A free form description of how the species selection was carried out, or how the hybridization was accomplished.   ......................................

150
   Quantity

Use this item to indicate how many plants of this species are in this collection.   ......................................

151
   Row spacing

For orchards and crops arranged in rows, the distance between adjacent rows for optimal yields.   ......................................

152
   Seed parent

If this new variety is a hybrid, this identifies the female plant that supplied the seed.   ......................................

153
   Sheet number

The unique identifier employed by an herbarium to reference this collection of dried and mounted plant material.   ......................................

154
   Size at acquisition

The original size of the plant when it was added to this collection.   ......................................

155
   Sketch view

This check mark is an indicator of whether or not any data has been entered in any Sketch view item.   ......................................

156
   Soil texture

The best type of soil for providing a support base and for retaining/releasing available water.   ......................................

157
   Special qualities view

This check mark is an indicator of whether or not any data has been entered in any Special qualities view item.   ......................................

158
   Species

The species is the portion of the botanical name used as an adjective to more specifically describe the genus.   ......................................

159
   Specimen number

The specimen number is a pseudo-unique identifier for the specimen record.   ......................................

160
   Stamens

A free form description of the flower's stamens.   ......................................

161
   Stature

In gardener's terms, what type of plant is this:  tree, shrub, vine, groundcover, flower, etc.   ......................................

162
   Suitable for gardens

This should be checked to indicate that the species has some ornamental garden value -- color, fragrance, flowers, form, etc.   ......................................

163
   Sunset zones

The Sunset Books' climate zones in which this plant does best.   ......................................

164
   Sunshine

Optimal lighting requirements to prevent scorching and to promote healthy growth.   ......................................

165
   Symbiosis

Other life forms (plants, insects, and more) that live in a symbiotic relationship with this species.   ......................................

166
   Tag needs printing

Checked when this specimen record is first created and unchecked after a specimen tag has been printed.   ......................................

167
   Tentative listing

Checked if the "FESA listing", "IUCN red list", or "Noxious weed" classification is tentative awaiting further documentary evidence.   ......................................

168
   Time to harvest

The number of days between planting and the first available harvest.   ......................................

169
   Tolerates drought

Checked when the plant can survive dry spells without damage.   ......................................

170
   Tolerates high humidity

Checked when the plant can survive prolonged summer periods of very high humidity.   ......................................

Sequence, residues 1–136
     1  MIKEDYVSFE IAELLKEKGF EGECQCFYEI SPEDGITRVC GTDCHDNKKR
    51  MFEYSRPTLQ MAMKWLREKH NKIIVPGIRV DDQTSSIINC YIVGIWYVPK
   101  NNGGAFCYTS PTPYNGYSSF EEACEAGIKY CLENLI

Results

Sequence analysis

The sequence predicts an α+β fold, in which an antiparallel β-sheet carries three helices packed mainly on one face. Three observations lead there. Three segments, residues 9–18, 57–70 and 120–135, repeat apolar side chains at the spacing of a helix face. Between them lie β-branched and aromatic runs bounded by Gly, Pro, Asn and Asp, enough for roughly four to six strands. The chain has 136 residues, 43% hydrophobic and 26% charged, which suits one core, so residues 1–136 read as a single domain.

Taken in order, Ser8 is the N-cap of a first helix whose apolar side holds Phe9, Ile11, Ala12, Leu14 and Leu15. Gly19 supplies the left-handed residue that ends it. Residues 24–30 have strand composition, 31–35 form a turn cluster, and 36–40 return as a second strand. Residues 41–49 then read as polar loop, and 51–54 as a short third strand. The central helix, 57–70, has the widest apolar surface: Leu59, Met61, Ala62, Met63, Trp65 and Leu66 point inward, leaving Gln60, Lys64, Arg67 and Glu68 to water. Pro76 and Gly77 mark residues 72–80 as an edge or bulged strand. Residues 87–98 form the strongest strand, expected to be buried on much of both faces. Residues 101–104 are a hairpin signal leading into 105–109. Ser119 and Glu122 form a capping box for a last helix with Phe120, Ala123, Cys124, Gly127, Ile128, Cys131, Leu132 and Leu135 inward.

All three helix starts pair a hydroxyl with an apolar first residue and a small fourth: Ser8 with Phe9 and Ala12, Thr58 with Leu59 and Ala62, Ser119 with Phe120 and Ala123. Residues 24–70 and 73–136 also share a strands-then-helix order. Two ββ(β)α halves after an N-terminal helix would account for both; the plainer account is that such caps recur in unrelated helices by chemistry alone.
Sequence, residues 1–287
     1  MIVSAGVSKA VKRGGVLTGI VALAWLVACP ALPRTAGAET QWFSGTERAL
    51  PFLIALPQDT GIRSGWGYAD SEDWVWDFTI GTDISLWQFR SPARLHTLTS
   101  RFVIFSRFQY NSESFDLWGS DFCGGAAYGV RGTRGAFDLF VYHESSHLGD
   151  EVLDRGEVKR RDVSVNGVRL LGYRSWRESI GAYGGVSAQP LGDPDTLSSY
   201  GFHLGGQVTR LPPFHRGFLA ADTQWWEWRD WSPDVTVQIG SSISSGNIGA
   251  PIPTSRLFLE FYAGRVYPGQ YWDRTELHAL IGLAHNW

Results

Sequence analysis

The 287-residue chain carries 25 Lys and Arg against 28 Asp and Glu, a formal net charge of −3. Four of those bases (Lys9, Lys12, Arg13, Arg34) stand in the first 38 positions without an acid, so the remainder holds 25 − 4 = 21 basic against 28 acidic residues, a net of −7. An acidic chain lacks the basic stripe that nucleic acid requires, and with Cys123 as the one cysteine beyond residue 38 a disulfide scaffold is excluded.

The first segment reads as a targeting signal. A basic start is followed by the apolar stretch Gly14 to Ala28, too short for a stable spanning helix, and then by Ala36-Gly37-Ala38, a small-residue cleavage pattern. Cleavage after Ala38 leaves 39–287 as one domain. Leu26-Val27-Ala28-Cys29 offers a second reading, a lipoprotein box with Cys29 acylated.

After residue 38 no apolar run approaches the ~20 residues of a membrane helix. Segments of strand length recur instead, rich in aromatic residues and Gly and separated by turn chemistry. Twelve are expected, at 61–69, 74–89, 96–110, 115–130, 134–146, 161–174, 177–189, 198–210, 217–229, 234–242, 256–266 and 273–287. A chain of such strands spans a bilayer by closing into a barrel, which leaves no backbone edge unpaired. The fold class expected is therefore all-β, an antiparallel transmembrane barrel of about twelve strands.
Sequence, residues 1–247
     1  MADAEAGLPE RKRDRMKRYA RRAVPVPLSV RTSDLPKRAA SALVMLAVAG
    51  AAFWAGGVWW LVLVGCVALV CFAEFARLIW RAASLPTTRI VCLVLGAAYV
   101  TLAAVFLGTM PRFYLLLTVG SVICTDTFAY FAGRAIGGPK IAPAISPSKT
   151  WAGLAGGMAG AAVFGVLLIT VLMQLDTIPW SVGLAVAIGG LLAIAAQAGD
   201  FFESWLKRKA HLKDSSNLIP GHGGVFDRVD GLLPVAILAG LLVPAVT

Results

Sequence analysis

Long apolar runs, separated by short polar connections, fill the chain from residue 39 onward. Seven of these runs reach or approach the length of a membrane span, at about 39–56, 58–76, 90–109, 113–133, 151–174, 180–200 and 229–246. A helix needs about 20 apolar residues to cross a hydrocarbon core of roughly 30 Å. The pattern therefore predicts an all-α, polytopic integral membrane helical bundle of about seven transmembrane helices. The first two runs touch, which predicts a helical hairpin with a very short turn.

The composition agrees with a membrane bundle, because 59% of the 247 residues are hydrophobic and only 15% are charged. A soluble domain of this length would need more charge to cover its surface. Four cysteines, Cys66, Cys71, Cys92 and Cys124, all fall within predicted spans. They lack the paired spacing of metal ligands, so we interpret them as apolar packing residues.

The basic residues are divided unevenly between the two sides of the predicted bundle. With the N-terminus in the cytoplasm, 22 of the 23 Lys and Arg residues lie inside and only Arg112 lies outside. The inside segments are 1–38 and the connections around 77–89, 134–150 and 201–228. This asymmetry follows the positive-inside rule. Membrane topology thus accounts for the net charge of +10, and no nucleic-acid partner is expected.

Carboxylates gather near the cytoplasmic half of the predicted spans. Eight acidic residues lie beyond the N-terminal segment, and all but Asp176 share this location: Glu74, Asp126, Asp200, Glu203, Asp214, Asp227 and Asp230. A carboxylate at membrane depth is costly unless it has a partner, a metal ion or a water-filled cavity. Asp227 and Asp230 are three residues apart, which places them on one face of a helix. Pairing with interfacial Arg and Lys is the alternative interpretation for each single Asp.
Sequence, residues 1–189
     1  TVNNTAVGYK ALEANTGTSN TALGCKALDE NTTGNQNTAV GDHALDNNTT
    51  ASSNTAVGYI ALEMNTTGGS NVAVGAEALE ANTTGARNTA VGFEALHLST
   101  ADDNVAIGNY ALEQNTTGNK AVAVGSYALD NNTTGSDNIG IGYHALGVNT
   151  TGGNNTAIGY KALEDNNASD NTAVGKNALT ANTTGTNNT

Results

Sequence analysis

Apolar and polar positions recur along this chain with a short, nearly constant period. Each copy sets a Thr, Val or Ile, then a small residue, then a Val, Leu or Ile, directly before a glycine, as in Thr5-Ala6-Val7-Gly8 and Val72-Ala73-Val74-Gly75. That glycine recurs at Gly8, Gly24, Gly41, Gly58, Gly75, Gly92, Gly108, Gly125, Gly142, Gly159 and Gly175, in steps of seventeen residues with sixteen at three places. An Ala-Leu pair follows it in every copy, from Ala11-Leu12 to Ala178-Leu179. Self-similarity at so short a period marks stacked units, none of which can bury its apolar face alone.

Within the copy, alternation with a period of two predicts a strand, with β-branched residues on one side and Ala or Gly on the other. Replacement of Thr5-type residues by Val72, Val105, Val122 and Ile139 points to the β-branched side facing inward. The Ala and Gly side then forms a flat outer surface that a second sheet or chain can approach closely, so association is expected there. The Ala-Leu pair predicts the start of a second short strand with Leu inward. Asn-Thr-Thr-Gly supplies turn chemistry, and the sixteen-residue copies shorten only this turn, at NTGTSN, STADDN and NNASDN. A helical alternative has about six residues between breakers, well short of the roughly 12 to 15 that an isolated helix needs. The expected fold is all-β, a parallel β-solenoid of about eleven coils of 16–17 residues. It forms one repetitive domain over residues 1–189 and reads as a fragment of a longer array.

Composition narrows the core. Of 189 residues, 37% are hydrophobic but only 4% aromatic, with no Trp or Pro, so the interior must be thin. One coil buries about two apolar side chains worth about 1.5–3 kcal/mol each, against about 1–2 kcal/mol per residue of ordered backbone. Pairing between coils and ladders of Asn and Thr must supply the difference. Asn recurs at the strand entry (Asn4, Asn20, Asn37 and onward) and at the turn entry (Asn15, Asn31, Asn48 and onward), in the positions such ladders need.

171
   Tolerates seaside conditions

Checked when the plant can live in the windy, salty, foggy conditions found along the coastal belts.   ......................................

172
   Toxicity precautions

A description of the possible toxic effect of the use of this plant.   ......................................

173
   Parts used

The parts of the plant which have been used in historical times or are still used in the present time.   ......................................

174
   Traditional uses

A list of how this plant has been used by indigenous people.  Uses such as food, medicine and fabric dyes are not included here.   ......................................

175
   Traditional uses view

This check mark is an indicator of whether or not any data has been entered in any Traditional uses view item.   ......................................

176
   Uncertain taxonomy

Automatically checked if the genus and species cannot be found in the taxonomic checklist.   ......................................

177
   Underground description

A free form description of the root structure and underground storage parts.   ......................................

178
   Underground type

The type of underground feeding and storage system for the plant.  Typical examples include: bulb, corm, rhizome, taproot and tuber.   ......................................

179
   USDA zones

The United States Department of Agriculture's hardiness zones in which this plant is known to thrive.   ......................................

180
   Variety

The variety is the portion of the botanical name used to identify members of the same species that are distinct enough to warrant their own name.   ......................................

181
   Water

Best moisture conditions for terrestrial plants.  A good indicator of a plant's tolerance to the extremes of drought and over saturation.   ......................................

182
   Wetland classification

A list of estuarine, lacustrine, marine, palustrine and riverine communities where this species is natively found.   ......................................

183
   Wetland indicator

The wetland indicator represents the estimated probability of a species occurring in wetlands versus non-wetlands in a region of study.   ......................................

184
   Wildflower

Checked if this plant is found along roadsides, open fields and other non-cultivated areas but has enough inherent beauty to be considered ornamental.   ......................................

185
   Wood description

A free form description of the plant's woody cellular portions including color, texture and relative strength.   ......................................

186

For an index to other topics see

   Specimen

 

Last reviewed March 25, 2004